In the Crux article referenced in the screencap to your left, the author, Rev. Kenneth Doyle, answers the question with a verbal shrug: “It is, of course, the same Eucharist — whether received from a priest or from a lay minister — and ... I am a bit surprised when someone feels compelled to make a choice.” Referring to a deceased parishioner’s aversion to lay Eucharistic ministers, Fr. Doyle said, “In the scope of things, I felt that his preference was a small issue. For me, it came under the heading of the ‘big tent’ that embraces a wide variety of Catholics.”
The person at Saint Gabriel’s Newsroom who wrote the “Share” was, at bare minimum, uncharitable: nothing Fr. Doyle said was in any meaningful sense modernist, nor did he deny or denigrate the right of the consecrated to distribute the Eucharist. Moreover, the boast that s/he only receives on his/her knees and from consecrated ministers is so pompously self-congratulatory it invites ridicule; as we used to say when I was a kid, “Whaddaya want for that, a Bozo button?”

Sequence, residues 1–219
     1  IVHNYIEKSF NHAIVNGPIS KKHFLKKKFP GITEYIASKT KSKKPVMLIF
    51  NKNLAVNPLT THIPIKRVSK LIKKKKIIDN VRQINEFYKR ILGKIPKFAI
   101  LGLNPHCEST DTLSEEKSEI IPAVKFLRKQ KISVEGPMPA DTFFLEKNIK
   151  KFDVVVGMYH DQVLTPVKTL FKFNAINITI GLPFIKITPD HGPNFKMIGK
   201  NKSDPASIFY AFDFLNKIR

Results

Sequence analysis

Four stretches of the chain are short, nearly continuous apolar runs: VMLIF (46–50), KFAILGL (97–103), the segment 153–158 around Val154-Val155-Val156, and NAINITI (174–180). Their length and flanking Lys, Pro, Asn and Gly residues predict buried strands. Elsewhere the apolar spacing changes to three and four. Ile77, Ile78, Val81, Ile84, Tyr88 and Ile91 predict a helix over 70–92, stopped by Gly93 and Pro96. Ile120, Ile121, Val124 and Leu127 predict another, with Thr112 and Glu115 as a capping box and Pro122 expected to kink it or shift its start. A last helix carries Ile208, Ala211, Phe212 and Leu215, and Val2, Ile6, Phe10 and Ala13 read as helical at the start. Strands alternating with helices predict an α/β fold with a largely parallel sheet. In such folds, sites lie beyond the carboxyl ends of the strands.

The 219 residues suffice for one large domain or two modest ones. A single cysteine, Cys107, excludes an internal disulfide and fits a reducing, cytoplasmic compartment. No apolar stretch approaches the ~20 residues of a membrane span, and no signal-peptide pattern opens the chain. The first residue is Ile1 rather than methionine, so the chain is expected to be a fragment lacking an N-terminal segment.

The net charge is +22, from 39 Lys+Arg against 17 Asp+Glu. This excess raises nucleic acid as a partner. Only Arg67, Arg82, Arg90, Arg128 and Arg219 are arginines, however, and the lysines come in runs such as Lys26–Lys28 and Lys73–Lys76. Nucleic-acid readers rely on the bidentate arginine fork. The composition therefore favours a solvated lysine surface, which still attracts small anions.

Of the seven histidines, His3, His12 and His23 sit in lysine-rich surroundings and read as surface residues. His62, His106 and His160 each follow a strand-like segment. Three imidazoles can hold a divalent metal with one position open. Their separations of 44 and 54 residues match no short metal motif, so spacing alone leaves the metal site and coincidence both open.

What really is the issue here?
In 1973, with the approval of Ven. Pope Paul VI, the Sacred Congregation for Divine Worship issued the Instruction Immensae Caritatis, which authorized the appointment of “special ministers” from the ranks of the non-ordained to assist with the distribution of Communion. Eventually, to underline the fact that deacons and priests were the ordinary ministers of the Eucharist, the title of these appointees was changed to “Extraordinary Minister of Holy Communion” (usually abbreviated EMHC).